The Washington Post and Los Angeles Times lead with Liberian President Charles Taylor’s promise to step down, as President Bush has demanded, though Taylor didn’t say when. The New York Times, which reefers Liberia, leads with a sneak peek at a report out today by congressional investigators that found that the federal government, in granting waivers that give states flexibility with Medicaid requirements, has no plan in place to make sure that states are actually following through and giving good care. The waivers are typically given when states want to give some patients a different kind of care than Medicaid typically stipulates, for example allowing some people to have home-based care instead of putting them in nursing homes. The congressional report concludes that the feds have “not fully complied with statutory and regulatory requirements.” USA Today’s lead, in an exclusive, suggests why you’ve never seen a clear photo of that piece of falling foam that likely doomed the shuttle Columbia: budget cuts. According to the paper, the photo department’s “staff was reduced, cameras were eliminated, and the repair shop that helped keep the cameras and telescopes operating was severely cut back.” The photo program had 150 workers in the early 1990s and 35 by last February. “It now appears in retrospect that there were not enough cameras in place to support the Columbia mission,” said the president of company contracted to take the photos.
Nigeria’s president met with Taylor yesterday and said that the Liberian president has agreed to what would essentially be asylum in Nigeria. Taylor, who has fomented rebellions and wreaked havoc across West Africa, has been indicted by a U.N.-backed court for crimes against humanity; Nigeria’s president suggested his country won’t recognize the court.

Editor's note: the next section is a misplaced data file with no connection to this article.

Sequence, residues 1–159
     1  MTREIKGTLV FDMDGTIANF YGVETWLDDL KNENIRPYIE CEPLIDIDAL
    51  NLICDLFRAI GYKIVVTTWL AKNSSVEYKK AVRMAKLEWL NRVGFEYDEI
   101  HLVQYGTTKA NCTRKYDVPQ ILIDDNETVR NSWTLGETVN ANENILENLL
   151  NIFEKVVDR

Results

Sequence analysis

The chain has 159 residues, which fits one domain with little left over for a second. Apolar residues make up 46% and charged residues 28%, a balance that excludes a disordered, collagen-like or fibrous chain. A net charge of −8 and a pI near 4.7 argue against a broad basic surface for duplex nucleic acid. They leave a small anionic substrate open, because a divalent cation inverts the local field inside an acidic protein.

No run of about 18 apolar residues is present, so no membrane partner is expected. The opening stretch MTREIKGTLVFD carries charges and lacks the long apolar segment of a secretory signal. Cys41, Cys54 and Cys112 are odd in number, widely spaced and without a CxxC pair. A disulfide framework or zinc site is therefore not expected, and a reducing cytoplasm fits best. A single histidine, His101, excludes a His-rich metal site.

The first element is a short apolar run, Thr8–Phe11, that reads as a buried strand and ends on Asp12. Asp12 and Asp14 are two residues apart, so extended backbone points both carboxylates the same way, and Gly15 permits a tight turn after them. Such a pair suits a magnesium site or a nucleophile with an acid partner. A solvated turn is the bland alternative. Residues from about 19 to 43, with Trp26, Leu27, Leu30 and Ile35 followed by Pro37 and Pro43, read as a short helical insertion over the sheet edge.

Taylor reiterated his desire for American troops to come in. But the White House said yesterday that President Bush has not made a decision about troops yet. (Though the papers don’t play up the point, perhaps the administration’s coyness is an attempt to pressure Taylor to get moving.) The NYT emphasizes Taylor’s punting on his date of departure, noting that he’s made such promises before. But the Post downplays Taylor’s attempt to stall, saying that yesterday’s announcement was different: It included a specific destination and carried the weight of the president of Africa’s most populous country, Nigeria. The LAT emphasizes congressional leaders’ concerns about potential U.S. involvement, with one Republican senator saying that there should be a congressional vote before U.S. troops go in.
If you want to know more about Taylor, read today’s LAT’s profile. Or just peek at the headline:” ’THE MAN IS ESSENTIALLY A COMMON CRIMINAL’ ” The piece recalls a slogan from one of Taylor’s presidential campaigns, “He killed my Pa, he killed my Ma, I’ll vote for him.”